I take a seat among empty rows in the grandstand. A bugle plays “The Call to the Post” over the loudspeaker. Memo to Maggie, a 3-year-old filly with glossy loins and red leg wraps, takes an early lead, but Hot French Fries, a gorgeous chestnut filly trained by Hollendorfer, pulls ahead in the top of the stretch.

The afternoon proceeds in 15-minute increments, the seven Golden Gate races alternating with those at L.A.’s Santa Anita. Two people in black-bear costumes, mascots for the diner, do an awkward little dance by the track. Golden Gate spokesman Sam Spear, a seasoned race commentator in a mismatched suit, joins me at a metal table.

Between the grandstand, club house and turf club, Golden Gate seats nearly 15,000; Spear pins the day’s visitors at 1,200. I would’ve guessed a quarter that, max, but he says a lot of no-nonsense gamblers just come in, place their bets and leave. Sundays are dollar days and draw thicker crowds.

He evokes a theme I’d heard earlier. “There aren’t a lot of people here today,” he says, “but betting is happening” – off-track and online, worldwide. The money is invisibly flowing in.

It isn’t attendance, he adds, but rather a recession-spurred shortage of thoroughbreds that’s forced Golden Gate to scale back from five to four racing days a week.

About 10 minutes before the next race begins, grooms walk the horses around the paddock while spectators look for winning postures – arched necks, slightly raised tails, pricked-forward ears. Some people base their bets on the horses’ body language, Spear says, but he goes with past performance.

He’s placed a pick-four bet on the next race. The animals pound past, a brown blur of muscle mass bearing horizontal jockeys, their hoofs oddly quiet on the track. Spear says the brown fluff isn’t dirt: “It’s a secret recipe. Even we don’t know.”

Magical track duff. Lightly attended races pulling in heavy money. Wagers made on math, or superstition. In horse racing, the mystery is part of the allure.

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The activists who opposed the 58-acre Whispering Oaks development a few years back – open-space groups including Fort Ord Rec Users, Keep Fort Ord Wild and LandWatch – collected 18,000 signatures for a referendum, pressuring the county supes to back off the oak-studded Fort Ord parcel. It’s a safe bet they, and their lawyers, will look at the 10-times-bigger Monterey Downs even more skeptically, and come out in full force at key decision-making moments.

But Downs may be a surer thing than most people realize. Its website lists about 700 individual supporters. It has the backing of the industry’s most powerful, and many of Monterey County’s too, including the Antle agriculture family, developer Don Chapin, and family members of County Supervisor Dave Potter and Mayor Rubio. (Potter takes credit for initially introducing the Downs idea to Boudreau, a longtime friend; both attended de Burgh’s 2011 wedding in Ireland.)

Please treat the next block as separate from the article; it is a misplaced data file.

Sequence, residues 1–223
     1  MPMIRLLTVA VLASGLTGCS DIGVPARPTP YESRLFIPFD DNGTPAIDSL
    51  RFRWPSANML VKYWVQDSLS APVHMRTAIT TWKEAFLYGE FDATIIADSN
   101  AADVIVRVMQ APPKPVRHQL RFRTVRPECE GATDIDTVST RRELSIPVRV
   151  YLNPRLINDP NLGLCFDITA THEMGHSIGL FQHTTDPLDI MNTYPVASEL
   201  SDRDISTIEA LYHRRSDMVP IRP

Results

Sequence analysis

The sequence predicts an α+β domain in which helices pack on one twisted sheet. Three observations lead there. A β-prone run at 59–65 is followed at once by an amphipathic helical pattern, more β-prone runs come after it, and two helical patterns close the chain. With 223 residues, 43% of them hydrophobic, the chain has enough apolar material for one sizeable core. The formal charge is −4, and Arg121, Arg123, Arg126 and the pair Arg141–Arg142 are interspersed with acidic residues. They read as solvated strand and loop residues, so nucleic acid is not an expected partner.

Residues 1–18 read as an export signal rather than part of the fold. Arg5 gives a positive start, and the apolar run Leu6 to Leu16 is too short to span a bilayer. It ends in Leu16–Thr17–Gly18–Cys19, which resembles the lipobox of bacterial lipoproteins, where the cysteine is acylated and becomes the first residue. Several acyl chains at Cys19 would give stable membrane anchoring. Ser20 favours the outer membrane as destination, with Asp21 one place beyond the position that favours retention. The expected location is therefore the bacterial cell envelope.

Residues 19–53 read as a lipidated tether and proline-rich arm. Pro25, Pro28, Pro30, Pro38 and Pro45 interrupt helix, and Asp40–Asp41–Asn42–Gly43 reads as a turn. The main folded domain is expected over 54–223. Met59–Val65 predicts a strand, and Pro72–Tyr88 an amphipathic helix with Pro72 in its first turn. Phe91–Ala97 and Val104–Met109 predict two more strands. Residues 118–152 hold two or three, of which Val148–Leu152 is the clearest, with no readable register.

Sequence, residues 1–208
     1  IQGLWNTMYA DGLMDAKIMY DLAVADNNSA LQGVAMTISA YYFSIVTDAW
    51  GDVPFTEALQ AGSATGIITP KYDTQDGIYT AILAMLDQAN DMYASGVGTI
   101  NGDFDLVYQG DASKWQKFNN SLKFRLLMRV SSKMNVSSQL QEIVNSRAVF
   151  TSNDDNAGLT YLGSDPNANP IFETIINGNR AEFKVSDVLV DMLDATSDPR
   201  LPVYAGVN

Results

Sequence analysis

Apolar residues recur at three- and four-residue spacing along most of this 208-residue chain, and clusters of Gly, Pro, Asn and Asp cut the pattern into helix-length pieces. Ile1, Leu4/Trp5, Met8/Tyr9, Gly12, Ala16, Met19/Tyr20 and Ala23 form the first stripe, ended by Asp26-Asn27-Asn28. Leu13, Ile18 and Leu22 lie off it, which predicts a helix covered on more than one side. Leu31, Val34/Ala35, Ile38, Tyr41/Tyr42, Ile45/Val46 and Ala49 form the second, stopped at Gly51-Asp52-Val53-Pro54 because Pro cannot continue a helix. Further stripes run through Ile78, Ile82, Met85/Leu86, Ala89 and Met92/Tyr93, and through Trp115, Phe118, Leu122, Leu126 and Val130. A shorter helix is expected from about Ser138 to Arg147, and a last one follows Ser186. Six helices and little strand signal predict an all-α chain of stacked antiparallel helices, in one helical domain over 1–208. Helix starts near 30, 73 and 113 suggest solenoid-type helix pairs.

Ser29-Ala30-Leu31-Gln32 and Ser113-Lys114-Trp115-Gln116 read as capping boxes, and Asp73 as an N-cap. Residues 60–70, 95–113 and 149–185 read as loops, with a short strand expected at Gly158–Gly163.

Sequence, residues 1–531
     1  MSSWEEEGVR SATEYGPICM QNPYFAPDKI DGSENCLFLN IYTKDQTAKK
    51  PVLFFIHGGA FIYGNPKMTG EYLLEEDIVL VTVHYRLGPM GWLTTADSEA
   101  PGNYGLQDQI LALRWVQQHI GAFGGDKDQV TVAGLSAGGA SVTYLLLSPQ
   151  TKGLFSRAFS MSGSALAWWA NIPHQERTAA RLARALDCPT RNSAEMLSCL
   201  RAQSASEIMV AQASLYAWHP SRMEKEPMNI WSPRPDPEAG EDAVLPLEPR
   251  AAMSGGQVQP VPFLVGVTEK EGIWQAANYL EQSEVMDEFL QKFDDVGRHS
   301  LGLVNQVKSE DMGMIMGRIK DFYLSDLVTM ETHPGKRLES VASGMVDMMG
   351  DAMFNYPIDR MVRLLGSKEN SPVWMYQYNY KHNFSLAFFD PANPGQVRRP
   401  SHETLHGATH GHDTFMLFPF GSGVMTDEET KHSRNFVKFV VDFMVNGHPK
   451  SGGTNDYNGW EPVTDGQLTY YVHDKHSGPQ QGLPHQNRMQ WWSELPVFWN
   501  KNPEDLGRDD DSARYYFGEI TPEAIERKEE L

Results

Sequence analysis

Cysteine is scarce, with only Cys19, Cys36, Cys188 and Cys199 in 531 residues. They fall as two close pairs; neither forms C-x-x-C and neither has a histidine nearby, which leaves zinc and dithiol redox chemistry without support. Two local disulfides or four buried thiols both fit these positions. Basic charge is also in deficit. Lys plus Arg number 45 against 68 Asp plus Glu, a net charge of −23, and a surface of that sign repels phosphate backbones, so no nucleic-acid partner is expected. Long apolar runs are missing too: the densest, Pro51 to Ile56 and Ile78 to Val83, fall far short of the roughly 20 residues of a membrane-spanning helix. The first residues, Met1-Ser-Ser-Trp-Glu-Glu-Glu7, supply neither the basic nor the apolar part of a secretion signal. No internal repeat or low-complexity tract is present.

The planned annexation of Monterey Downs from the county into the city of Seaside was a shrewd political move. While the county Board of Supervisors had at least one Downs skeptic in Jane Parker – and one cheerleader in Potter, whose friendships with Boudreau and de Burgh have come under public scrutiny – not one of the five-member Seaside City Council appears to be frowning on the idea. At least not yet.

Another clever maneuver is the linking of Monterey Downs to the planned Central Coast Veterans Cemetery. In a deal with the city, Boudreau arranged to buy a 30-acre slice of the 178-acre cemetery parcel and use it for housing; the roughly $1.5 million selling price will fund the cemetery’s operations. By linking the popular and long-awaited cemetery with the controversial horse development, the Downs team has managed to create a misleading perception that its environmentalist opponents are anti-veteran.

The odds are good that a new racing track in California will make money. But if 80 percent of that money comes from off-track betting, the trickle-down to the local community could be a fairly small dribble. If, on the other hand, it draws robust crowds of wealthy out-of-towners like Del Mar does – dollar signs for Monterey County.

Open-space advocates like Campbell argue the equestrian development will drive away tourists who would otherwise flock to the new Fort Ord National Monument. Boudreau counters that Downs will become a welcoming entry point to it, but will pull in magnitudes more dollars per visitor than ecotourism.

The proposal could fail anywhere along the way, but Boudreau projects confidence. “The way you lose these things is, you can’t sustain the fight long enough and you walk away,” he says. “And that’s not going to happen.”

But a full-fledged development is at least 13 years away. Even if the approvals come through by the end of this year, Downs COO Palmer says, FORA needs to finish clearing the land of Army munitions, which will happen mid-2015 at the earliest. Conveniently, that gives the Downs team a year or so to deal with the expected enviro lawsuits. “The timing works out for us,” she says.

Then – assuming Downs prevails over legal challenges – come 52 phases of construction. The track can’t be built until the Eastside Parkway through Fort Ord is complete, and the housing will follow based on demand; the whole thing won’t be done until 2025. At the earliest.

Setting aside the valid questions about Fort Ord open space, water supply and animal rights to focus purely on economics, the question for local leaders is whether Monterey Downs will bring real, live, wallet-toting spectators to the tracks. The next big test comes when the final environmental impact report lands before the Seaside City Council, probably this fall. (The draft should be out by mid-August, followed by 60 days of public comment.)

But even with all the numbers presented, the councilmen may rely on gut instinct when placing their bets. Will Boudreau arch his neck and wear a shiny coat? What are the secret ingredients in that Fort Ord dust to which its veterans would return?

Maybe, as with my bet on Memo to Maggie, the council will be swayed by an adviser’s opinion.

Or the pretty name. But a lot more than $5 is riding on Monterey Downs.